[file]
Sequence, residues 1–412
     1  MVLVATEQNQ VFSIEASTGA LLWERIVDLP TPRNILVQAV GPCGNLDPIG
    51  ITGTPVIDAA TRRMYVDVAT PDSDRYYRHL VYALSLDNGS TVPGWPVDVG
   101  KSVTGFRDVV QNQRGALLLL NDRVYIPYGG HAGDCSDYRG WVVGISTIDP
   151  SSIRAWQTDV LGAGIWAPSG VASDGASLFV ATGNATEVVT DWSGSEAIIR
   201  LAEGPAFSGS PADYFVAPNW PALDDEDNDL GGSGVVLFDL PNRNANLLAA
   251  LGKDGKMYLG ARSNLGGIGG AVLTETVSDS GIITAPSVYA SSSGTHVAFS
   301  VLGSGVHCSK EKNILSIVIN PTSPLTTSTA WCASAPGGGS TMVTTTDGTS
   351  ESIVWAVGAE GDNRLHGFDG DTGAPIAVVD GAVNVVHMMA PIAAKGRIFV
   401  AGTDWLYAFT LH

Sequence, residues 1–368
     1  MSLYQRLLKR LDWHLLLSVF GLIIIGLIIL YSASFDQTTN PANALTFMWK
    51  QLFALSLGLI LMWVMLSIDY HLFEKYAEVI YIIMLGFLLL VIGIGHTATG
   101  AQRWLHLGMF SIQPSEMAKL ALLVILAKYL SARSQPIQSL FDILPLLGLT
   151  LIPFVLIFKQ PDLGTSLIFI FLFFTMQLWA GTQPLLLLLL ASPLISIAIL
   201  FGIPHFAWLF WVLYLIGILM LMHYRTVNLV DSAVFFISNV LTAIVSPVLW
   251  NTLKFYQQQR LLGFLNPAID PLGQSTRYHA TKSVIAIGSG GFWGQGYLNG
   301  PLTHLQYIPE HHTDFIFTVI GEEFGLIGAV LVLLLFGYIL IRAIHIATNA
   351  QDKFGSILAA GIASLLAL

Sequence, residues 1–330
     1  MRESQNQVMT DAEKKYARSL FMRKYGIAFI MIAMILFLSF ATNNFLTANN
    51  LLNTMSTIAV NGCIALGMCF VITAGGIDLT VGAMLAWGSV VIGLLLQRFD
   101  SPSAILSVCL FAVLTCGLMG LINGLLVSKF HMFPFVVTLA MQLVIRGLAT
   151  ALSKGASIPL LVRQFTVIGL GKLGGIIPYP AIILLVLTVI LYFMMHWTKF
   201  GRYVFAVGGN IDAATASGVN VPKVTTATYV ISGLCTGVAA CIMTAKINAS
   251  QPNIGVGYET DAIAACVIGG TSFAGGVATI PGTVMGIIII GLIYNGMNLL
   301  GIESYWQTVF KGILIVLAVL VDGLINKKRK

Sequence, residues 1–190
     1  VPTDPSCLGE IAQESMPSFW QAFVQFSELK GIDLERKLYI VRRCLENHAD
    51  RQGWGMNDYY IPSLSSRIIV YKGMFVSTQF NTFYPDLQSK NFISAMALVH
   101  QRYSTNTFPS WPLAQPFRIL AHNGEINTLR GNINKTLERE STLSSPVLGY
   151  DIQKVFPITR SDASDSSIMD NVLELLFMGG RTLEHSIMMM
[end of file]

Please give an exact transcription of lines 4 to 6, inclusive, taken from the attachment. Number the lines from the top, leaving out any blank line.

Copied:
   101  KSVTGFRDVV QNQRGALLLL NDRVYIPYGG HAGDCSDYRG WVVGISTIDP
   151  SSIRAWQTDV LGAGIWAPSG VASDGASLFV ATGNATEVVT DWSGSEAIIR
   201  LAEGPAFSGS PADYFVAPNW PALDDEDNDL GGSGVVLFDL PNRNANLLAA